The Taliban have pledged that all girls will be allowed to go back to the classroom in March when the new school year begins in the country.

Leaders of the ruling Islamist group have repeatedly rejected as false propaganda that they oppose education for women, saying financial constraints and a lack of an “Islamic environment” in educational institutions were preventing them from letting women resume their studies.

No country has yet recognized the Taliban as the legitimate rulers of Afghanistan. 

The global community has been watching closely to see whether the Islamist group might rule the country differently from its first time in power in the late 1990s, when girls were banned from attending schools and women from leaving home unless accompanied by a close male relative.

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From Kabul, Pregnant Reporter Fights New Zealand Government to Return Home

She reported on the difficult conditions mothers and babies face just to survive in desperate Afghanistan. Now, a pregnant New Zealand reporter has chosen Kabul as a temporary base for her uphill fight to return home because of her country’s strict COVID-19 entry rules.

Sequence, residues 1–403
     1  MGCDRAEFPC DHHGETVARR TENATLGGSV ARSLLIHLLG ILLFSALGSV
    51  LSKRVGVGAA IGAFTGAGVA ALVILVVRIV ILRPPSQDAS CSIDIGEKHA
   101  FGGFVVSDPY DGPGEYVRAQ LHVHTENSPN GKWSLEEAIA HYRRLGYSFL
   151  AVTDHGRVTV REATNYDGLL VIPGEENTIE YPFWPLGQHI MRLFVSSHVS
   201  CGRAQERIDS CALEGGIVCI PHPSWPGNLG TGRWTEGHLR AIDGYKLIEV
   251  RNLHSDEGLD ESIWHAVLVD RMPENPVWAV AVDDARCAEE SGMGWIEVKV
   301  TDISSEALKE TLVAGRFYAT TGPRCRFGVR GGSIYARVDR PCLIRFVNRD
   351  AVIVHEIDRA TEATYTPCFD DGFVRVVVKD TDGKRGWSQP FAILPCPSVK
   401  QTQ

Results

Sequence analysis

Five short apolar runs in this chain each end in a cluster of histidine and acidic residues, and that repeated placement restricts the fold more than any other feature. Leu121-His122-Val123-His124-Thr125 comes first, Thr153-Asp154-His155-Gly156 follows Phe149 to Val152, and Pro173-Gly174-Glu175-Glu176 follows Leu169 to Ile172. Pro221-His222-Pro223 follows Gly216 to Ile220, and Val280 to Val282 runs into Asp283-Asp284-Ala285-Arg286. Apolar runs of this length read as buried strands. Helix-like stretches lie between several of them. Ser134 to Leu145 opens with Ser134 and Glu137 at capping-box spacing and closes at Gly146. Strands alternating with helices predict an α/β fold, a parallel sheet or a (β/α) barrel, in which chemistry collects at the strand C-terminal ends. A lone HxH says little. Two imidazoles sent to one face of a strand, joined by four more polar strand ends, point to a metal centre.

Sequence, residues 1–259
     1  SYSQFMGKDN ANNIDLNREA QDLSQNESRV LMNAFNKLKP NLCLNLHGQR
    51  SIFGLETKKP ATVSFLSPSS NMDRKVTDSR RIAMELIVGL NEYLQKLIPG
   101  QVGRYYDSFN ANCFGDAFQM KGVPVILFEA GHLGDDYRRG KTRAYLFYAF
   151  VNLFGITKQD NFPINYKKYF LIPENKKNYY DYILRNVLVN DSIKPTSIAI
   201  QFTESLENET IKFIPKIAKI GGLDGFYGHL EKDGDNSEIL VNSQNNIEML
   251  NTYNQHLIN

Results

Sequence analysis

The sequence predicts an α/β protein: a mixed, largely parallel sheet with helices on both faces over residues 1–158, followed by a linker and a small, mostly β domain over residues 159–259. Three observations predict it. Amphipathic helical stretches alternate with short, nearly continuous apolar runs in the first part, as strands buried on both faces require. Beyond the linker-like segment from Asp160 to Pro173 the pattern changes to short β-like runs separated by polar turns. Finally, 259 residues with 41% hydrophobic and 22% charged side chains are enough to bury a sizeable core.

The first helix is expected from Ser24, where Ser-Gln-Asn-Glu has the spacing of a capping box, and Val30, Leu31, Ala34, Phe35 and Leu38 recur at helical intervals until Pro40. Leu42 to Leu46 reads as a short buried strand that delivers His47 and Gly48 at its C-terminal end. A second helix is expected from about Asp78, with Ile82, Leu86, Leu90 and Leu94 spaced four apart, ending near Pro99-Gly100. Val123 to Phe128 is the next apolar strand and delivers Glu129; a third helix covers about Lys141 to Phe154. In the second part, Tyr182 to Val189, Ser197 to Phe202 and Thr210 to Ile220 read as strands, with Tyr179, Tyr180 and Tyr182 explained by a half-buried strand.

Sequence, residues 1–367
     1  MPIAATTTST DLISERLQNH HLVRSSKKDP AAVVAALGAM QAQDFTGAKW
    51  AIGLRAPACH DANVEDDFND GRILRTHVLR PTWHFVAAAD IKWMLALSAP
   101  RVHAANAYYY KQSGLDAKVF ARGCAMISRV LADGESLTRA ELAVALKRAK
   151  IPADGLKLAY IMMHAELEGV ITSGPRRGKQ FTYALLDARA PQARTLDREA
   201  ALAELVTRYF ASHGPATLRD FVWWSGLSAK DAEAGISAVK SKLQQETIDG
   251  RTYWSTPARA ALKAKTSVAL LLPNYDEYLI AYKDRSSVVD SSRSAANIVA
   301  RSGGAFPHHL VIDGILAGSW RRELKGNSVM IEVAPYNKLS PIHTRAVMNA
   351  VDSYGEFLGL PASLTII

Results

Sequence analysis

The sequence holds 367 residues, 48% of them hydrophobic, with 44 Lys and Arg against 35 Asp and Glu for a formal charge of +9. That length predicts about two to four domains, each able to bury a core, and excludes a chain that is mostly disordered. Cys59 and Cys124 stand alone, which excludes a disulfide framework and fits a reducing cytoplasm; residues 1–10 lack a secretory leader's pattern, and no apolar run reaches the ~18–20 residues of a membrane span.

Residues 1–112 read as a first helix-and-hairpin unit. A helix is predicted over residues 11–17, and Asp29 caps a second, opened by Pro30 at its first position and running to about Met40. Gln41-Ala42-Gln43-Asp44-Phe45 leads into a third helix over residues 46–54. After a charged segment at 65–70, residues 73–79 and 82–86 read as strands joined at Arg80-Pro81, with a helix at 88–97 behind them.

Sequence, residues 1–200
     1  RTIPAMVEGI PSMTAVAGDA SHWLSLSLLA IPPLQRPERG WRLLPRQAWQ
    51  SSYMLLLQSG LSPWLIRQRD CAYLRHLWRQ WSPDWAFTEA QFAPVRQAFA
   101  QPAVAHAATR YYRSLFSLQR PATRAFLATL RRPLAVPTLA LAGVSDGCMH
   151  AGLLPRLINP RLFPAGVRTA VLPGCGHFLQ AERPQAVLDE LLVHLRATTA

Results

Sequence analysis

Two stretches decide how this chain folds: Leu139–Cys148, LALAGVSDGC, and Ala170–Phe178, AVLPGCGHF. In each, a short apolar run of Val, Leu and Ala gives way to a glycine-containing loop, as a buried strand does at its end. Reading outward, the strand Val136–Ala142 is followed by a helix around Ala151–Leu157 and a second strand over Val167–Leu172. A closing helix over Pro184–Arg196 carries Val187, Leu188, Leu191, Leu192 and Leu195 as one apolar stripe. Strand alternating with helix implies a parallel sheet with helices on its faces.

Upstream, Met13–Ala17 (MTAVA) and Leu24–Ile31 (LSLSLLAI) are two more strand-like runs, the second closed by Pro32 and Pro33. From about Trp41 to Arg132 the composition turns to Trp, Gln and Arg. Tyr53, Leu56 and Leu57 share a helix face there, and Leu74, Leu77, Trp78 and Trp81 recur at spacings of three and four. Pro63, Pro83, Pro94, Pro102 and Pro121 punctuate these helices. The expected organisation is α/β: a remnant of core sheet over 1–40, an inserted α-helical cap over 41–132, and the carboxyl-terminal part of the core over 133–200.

Charlotte Bellis, 35, is expecting her first child with her partner, freelance photographer Jim Huylebroek, a Belgium native who has lived in Afghanistan for two years. Bellis, who is 25 weeks pregnant with a daughter, told The Associated Press on Sunday that each day is a battle. 

She said she has been vaccinated three times and is ready to isolate herself upon her return to New Zealand. “This is ridiculous. It is my legal right to go to New Zealand, where I have health care, where I have family. All my support is there,” she said.

Bellis first wrote about her difficulties in a column published in The New Zealand Herald on Saturday. New Zealand’s COVID-19 response minister, Chris Hipkins, told the Herald his office had asked officials to check whether they followed the proper procedures in Bellis’s case, “which appeared at first sight to warrant further explanation.”

Bellis had worked as an Afghanistan correspondent for Al Jazeera, the Qatar-based satellite station. In November, she resigned from Al Jazeera which is based in the Middle Eastern state of Qatar, because it is illegal to be pregnant and unmarried in Qatar. Al Jazeera did not immediately respond to a request for comment.

Bellis then flew to Belgium, trying to get residency there, but said the length of the process would have left her in the country with an expired visa. She said she could have hopped from country to country on tourist visas while she waited to have her baby. She said this would have meant spending money on hotels without support or health care, while she fought to return to New Zealand.

In the end, she and her partner returned to Afghanistan because they had a visa, felt welcome and from there could wage her battle to return to her home. They have a house in Afghanistan and after “evaluating all of our options,” returned to Kabul, she said.